Official language: Danish is the official language with English, German and French being widely spoken
Currency: Danish krone
Welcome to a land personified by lush natural landscapes, Viking history, clean cities and obviously Danish Pastries!
Understandably rated as one of the most beautiful, clean and fascinating countries, out there, Denmark is a dime a dozen, and we’re not even talking about their kick-ass pastries! With a history that dates back to the period of the Vikings, Denmark’s cities have their own unique medieval charm that instantly takes you back to a land that time seems to have forgotten.
Denmark just wouldn’t be…well Denmark without the Danes. These fun loving people are warm and friendly and man do they love to have a good time! They’re very welcoming to tourists, but they can and will keep the spirit alive until well past midnight! The countryside is pristine and never fails to steal breaths from tourists and the cities are equally as impressive. It’s a winning recipe. Stunning landscapes, clean cities and a high quality of life in general makes Denmark one of Europe’s most rewarding experiences.
Must see places in Denmark
Since Copenhagen is Denmark’s capital city, it goes without saying that it’s one of the major draw points of the country. With the amazing architecture throughout the city, the charming canals, the entertaining night life and the friendly locals, there’s more than enough reason to want to linger here for a little longer.
What was Denmark’s capital from 960 to 1536, Roskilde is best known for being the country’s ancient city. It’s truly a one-of-a-kind city that perfectly depicts Denmark’s history through its various churches, old streets lined with brick buildings and the Viking-influenced museums. Don’t miss out on an opportunity for seeing the Roskilde Cathedral, which is one of the most famous in all of Denmark, and if you happen to visit during June it would be a great idea to check out the music festival held here annually.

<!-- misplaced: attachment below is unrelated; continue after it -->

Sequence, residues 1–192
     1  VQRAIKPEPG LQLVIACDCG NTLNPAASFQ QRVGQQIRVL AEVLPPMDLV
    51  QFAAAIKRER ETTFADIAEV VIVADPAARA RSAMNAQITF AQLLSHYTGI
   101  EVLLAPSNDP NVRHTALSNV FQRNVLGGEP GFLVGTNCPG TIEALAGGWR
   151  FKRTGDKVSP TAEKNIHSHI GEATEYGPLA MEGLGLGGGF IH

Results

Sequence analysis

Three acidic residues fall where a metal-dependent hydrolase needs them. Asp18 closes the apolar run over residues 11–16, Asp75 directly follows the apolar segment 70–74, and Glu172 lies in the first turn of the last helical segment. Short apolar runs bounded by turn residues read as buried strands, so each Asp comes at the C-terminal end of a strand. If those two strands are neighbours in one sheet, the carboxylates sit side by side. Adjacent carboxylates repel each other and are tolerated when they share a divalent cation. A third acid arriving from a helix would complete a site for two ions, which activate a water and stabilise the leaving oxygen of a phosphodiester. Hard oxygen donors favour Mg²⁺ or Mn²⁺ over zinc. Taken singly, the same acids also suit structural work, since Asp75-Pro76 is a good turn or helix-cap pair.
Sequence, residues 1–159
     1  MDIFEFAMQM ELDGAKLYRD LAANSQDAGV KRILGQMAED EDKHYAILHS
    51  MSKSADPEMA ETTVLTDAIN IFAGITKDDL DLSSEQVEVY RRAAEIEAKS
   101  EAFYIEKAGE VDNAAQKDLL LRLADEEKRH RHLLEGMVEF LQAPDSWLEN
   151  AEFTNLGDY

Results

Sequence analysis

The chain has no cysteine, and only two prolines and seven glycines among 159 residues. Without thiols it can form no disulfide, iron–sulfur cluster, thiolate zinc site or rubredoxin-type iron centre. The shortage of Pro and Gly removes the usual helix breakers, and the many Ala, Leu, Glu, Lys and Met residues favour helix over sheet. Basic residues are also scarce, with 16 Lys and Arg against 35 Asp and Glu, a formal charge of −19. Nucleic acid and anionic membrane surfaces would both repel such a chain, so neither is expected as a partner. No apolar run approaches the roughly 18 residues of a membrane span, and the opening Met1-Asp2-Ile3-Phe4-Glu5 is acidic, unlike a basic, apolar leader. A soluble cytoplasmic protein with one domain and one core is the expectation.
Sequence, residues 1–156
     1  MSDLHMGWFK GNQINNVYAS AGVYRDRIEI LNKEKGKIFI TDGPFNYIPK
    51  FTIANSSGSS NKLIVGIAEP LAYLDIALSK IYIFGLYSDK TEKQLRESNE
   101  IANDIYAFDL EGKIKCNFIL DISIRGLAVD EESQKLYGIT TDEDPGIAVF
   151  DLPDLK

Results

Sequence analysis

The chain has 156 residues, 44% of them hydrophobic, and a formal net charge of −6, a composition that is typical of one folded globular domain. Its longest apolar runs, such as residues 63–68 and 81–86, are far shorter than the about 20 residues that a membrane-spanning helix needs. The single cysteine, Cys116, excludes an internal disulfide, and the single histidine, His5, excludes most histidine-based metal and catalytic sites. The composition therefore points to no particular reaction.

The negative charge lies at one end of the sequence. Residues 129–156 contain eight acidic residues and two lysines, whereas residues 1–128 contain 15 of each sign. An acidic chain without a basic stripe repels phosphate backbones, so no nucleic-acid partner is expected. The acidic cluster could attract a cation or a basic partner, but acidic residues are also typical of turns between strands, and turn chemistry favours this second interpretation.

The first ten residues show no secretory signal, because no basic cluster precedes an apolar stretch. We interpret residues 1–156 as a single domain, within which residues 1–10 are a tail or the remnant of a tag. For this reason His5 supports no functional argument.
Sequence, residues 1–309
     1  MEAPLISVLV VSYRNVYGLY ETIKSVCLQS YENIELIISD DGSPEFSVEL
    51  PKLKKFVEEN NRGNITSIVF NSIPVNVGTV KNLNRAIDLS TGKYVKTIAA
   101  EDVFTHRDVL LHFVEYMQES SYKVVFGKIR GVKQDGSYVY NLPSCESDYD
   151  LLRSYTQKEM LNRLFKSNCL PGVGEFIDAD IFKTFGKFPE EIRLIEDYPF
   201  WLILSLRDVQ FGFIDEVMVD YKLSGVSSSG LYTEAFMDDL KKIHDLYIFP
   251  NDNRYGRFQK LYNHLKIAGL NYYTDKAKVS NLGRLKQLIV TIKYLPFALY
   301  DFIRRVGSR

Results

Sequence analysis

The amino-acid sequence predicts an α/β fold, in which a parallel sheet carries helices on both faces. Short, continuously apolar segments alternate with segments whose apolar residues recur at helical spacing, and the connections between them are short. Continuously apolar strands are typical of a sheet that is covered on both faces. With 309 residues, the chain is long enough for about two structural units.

Denmark’s oldest renaissance-style construction is stunning and a sight not to be missed. The Borreby Castle lies just outside of Zealand and has been a star in many films. It’s truly one of the most majestic castles in the country.
Aarhus is Denmark’s second largest city and draws a lot of tourists yearly, which definitely means that you’d be crazy not to see what the buzz is all about. Best known for its arts and culture, it’s not just about museums and galleries in Aarhus, but it’s also about the great amusement parks (just imagine Lego Land and Tivoli Friheden) and the electric nightlife on offer here.
If you’re looking for one of the best “off day” experiences in Denmark, Narsaq should definitely be on your itinerary. With waterfalls, hot springs and an abundance of wildlife in the area, it’s the best place to get off the beaten track and be rejuvenated by Mother Nature herself.
A short train ride away from the capital city, North Zealand resembles much of the idea of the namesake country, New Zealand. The area is beautifully decorated with pristine coastline, breathtaking landscapes and the Kronborh Castle with its Shakespearean setting.
Aalborg is located in Northern Jutland and has quite an extensive array of attractions on offer to the discerned traveler. The region is best known for its impressive historical sights and museums, but you’ll find that there’s a lot more to be explored than meets the eye.
Steynborg is located in this region, and it’s a town steeped in history. The town’s architecture could easily steal a good day your attention as you get lost in the detail, but do make sure that you take a trip down to Vlademars Slot. This palace was built by Kind Christian IV for his son and boasts 3 museums and a café that are all open to the public. One of the highlights of the region is Egeskov Castle. It is located in the south of the island of Funen, Denmark. The castle is Europe's best preserved Renaissance water castle.
Den Japanske Have
The name kind of gives it away, but the Japanske Have is a magical Japanes garden that boasts sophisticated features like its teahouse, a shop, the café, sub-gardens and a Japanese house. Summer and autumn is the best time to see the natural beauty in all its glory.
Pick the time right!
Tourists travel to Denmark from June to August
Danish summers extend from June to August, and this also happens to be the best time to visit the country. December through March marks winter in Denmark, and is marked by wet conditions, frost and little sunlight.
Did you know?
- Smørrebrød - is the traditional Danish lunchtime dish. It consists of a slice of dark rye bread with butter, sliced meat fish or cheese
- Koldt bord - is a buffet style lunchtime meal that boasts fish, meat, hot dishes, cheese and sweets on a self-service basis
- Morgen-complet - consists of an assortment of breads, rolls, jam and cheese, sliced meats, boiled eggs and delicious Danish pastries. It’s a delicious breakfast spread!
- Akvavit - is Danish schnapps which is served with cold foods and Christmas parties
- Smoking is banned on public transport and in public buildings, so keep it in mind and always adhere to the local laws.
- Save on transport costs by using the Danish Rail System and booking your fare through their website, Orange Tickets.
- If you’re a sightseer of note, getting yourself a City Tourism Card, which is a city pass, is a great idea because it’ll land you some great discounted rates and some of them even boast free transport!
- Nude bathing on Danish beach resorts is actually very common and the only two places where the act is prohibited is Henne Strand and Holmsland Klit